Have you ever been exercising, just finishing a jog on a crisp fall day admiring the leaves perhaps, when you get a sore throat or a cough? Even if you don’t have asthma, it can feel like your throat is shrinking, making it difficult and uncomfortable to breathe. This may be a result of exercise-induced bronchoconstriction, and new research has found that our old friend, vitamin C, may be just the thing to reduce its effects.
Olumia Life recommends taking only a limited number of proven supplements to aid in your diet and workouts, such as fish oil, for example. Taking fish oil may be important for most every day, or at least when your meals lack the omega-3 fatty acids you need, but multivitamins are not nearly what the adverts would have you believe. With a healthy diet, you really don’t need all that stuff.
Other supplements, like whey protein, can be used anytime and can also be used before or after workouts to help you improve your performance and results. Vitamin C is often thought of as a pill you might want to take every day, but a study by researchers in Finland has found that vitamin C supplements are really something to take just after a workout, not as a substitute for the healthy foods that contain it.
Scientists at the University of Helsinki conducted a meta-analysis of other studies to come to various conclusions about what taking vitamin C after a workout can do for exercise-induced bronchoconstriction. Their work was published in the journal of Allergy, Asthma & Clinical Immunology.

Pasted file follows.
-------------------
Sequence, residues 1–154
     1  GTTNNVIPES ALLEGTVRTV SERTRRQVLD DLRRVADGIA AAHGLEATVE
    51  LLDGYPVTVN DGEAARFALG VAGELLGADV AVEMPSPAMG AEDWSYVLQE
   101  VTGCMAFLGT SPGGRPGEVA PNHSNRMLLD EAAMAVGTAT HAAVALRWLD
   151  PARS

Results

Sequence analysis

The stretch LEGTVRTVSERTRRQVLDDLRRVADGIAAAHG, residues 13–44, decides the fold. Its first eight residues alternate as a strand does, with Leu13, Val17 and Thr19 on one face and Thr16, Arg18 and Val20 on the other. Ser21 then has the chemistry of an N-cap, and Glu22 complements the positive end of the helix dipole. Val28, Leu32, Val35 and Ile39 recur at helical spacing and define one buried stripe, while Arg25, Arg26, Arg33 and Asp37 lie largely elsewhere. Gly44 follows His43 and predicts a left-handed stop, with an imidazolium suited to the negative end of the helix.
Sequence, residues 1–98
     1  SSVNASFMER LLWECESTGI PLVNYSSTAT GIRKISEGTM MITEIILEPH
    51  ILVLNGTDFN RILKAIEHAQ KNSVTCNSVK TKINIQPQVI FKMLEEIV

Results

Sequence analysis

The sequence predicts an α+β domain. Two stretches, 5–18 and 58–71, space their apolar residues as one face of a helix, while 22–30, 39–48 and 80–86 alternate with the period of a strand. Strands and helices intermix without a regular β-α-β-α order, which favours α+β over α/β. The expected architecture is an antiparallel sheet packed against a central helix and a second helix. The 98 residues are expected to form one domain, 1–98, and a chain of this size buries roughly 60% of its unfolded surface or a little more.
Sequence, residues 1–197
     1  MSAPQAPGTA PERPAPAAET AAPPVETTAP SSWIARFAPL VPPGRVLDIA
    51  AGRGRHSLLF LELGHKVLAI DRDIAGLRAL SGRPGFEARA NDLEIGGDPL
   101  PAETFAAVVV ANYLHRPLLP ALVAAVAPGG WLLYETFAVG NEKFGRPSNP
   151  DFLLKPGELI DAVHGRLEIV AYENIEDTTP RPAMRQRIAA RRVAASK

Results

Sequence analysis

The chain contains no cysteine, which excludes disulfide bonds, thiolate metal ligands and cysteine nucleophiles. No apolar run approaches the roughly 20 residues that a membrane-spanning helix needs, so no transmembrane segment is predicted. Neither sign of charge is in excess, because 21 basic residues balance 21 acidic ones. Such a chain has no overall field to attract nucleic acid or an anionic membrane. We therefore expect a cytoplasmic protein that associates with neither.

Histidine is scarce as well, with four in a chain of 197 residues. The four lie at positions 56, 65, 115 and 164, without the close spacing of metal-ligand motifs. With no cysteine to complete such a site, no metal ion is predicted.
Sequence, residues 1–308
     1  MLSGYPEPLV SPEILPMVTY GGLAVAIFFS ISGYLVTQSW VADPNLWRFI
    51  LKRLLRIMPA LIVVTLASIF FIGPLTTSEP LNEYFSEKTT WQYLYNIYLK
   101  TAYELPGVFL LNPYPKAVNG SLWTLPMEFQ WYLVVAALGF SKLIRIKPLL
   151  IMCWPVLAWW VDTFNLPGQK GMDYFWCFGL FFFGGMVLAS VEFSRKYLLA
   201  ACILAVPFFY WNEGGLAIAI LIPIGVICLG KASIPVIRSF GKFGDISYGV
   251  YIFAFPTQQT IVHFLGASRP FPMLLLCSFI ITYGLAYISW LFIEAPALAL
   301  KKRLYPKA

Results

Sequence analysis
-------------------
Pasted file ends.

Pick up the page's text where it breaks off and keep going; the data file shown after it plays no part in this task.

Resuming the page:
FEV1 stands for “forced expiratory volume in 1 second.” In regular English, it means how much you can exhale in one second after fully breathing in. Exercise-induced bronchoconstriction inhibits this score, meaning we can’t breathe out as much air as we want. By comparing the FEV1 of subjects taking vitamin C after workouts to those who didn’t, scientists could see if the vitamin has any effect.
They found that vitamin C taken after physical activity was able to lower the severity, length and likelihood of exercise-induced bronchoconstriction by as much as 50%.
Vitamin C has a wide array of functions in our bodies. It’s an essential nutrient after all. In this case, the possible reasons why vitamin C helps after workouts may be it role in producing various compounds in the body that inhibit breathing problems.
This isn’t a set-in-stone application of vitamin C, though. It’s a new discovery, so exactly whether you should try it is up to you. Since a little extra vitamin C isn’t going to hurt you, it’s cheap and convenient, it’s worth trying if you experience any trouble breathing after working out. In these studies, subjects took between .5 and 2 grams of vitamin C.
According to Harri Hemila, MD, PhD, a member of the study, “…it seems reasonable for physically active people to test whether vitamin C is beneficial on an individual basis, if they have documented exercise-induced bronchoconstriction or suffer from respiratory symptoms such as cough or sore throat after taking vigorous exercise.”
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